Two seemingly contradictory things can be true at the same time, and that seems to be the case at Texas Tech.
There is legitimate interest among a group of Texas Tech boosters in former Baylor head coach Art Briles as a replacement for Matt Wells. Wells was fired this week, despite a winning record this season (5-3). Briles oversaw one of the worst scandals in the history of collegiate sports at Baylor, where the athletic department and football program covered up multiple sexual assaults by student-athletes.
The path to Tech actually hiring Briles seems, and very likely is, impossible. Briles has not worked in college football since his firing, and the idea that an athletic director like Kirby Hocutt would allow or sanction this kind of move seems unfathomable. In addition, Briles would be returning to the same conference that bore the burden of the Baylor crisis. Big 12 Commissioner Bob Bowlsby has certainly appeared feckless as a leader in the loss of Texas and Oklahoma to the SEC, but this would be a new threshold of ineptitude.
So what if logic reigns and it’s not Briles? Tech finds itself at a strange crossroads at the same exact time as its conference. Will the Red Raiders just go after another head coach from the Mike Leach/Air Raid family tree?
It’s hard to argue that Tech could land a better candidate in that mold than Kliff Kingsbury, their native son who finished 35-40 before being fired at the end of the 2018 season. He’s now the head coach of the last NFL team to lose this season (the Arizona Cardinals), and his trajectory from “middling at Tech” to succeeding in the NFL begs more of a look at the institutional shortcomings than the play-calling. Hiring Wells was an attempt to break free of the Leach tree, and it too had tepid results (13-17 overall).
The most obvious candidate for Tech – or any other Power 5 Texas program – is UTSA’s Jeff Traylor. Traylor has renovated the Roadrunners in short order, using his in-state contacts as a former Texas high school football coach to build a G5 powerhouse in short order. His work hasn’t gone unnoticed – rumors out of San Antonio are swirling that UTSA won’t simply let Traylor leave for a low-tier P5 without a fight (meaning a raise). If you’re Traylor, conference affiliation comes in second to where you think you can win the most, and that comes down to where you think more in-state talent would rather be – San Antonio or Lubbock.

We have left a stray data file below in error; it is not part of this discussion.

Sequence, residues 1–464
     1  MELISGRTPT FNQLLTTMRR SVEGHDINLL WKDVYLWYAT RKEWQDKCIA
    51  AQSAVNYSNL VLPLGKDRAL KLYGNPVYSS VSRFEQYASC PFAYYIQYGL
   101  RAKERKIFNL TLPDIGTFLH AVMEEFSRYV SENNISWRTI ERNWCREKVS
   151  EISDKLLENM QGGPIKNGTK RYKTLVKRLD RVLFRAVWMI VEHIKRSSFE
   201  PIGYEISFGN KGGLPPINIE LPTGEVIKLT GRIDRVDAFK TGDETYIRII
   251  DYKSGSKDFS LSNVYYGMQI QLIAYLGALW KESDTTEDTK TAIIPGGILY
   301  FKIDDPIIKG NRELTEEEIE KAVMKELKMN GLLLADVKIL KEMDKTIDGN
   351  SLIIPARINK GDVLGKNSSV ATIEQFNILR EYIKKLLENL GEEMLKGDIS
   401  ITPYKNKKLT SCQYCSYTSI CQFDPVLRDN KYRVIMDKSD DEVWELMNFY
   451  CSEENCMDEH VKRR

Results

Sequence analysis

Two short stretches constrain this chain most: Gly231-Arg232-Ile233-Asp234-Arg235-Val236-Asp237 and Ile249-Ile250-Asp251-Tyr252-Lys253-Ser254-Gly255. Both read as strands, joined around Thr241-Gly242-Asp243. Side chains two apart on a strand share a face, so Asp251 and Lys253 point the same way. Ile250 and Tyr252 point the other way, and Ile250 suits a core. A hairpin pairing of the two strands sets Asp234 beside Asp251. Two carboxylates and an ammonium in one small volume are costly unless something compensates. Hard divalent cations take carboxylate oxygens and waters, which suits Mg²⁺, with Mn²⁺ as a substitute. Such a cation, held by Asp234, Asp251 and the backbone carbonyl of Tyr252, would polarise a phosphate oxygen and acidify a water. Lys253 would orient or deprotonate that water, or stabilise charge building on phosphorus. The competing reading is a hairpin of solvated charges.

Washington State: Mike Leach’s other old job might be able to turn a terrible situation into a significant upgrade. WSU fired Nick Rolovich after he refused to receive a COVID-19 vaccine, but on the field, the Cougars weren’t in terrible shape, and there’s plenty of interest in the job. The conversation starts with two former WSU assistants, USC offensive coordinator Graham Harrell and Oklahoma defensive coordinator Alex Grinch. Both have spent time in Pullman, and both would be notable upgrades in terms of national profile and recruiting. Harrell would likely move the Cougars offense back closer to the Leach Air Raid, which gave them their best run in two decades.
The third top-line name is Jim McElwain. The current Central Michigan and former Florida head coach is a Montana native and could be a perfect fit both culturally and schematically in an improving Pac-12 North.
Here’s a strong suggestion that’s not too far off the beaten path: Nevada’s Jay Norvell has also shown that he’s more than capable of rebuilding a west coast program and scoring points. The former assistant at Texas and Oklahoma will see his profile rise as quarterback Carson Strong’s draft prospects heat up, so expect to hear his name throughout November and December.
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– Steven Godfrey is a senior writer for Vox Media's Secret Base, and co-host of The Split Zone Duo podcast. Follow him on Twitter @38Godfrey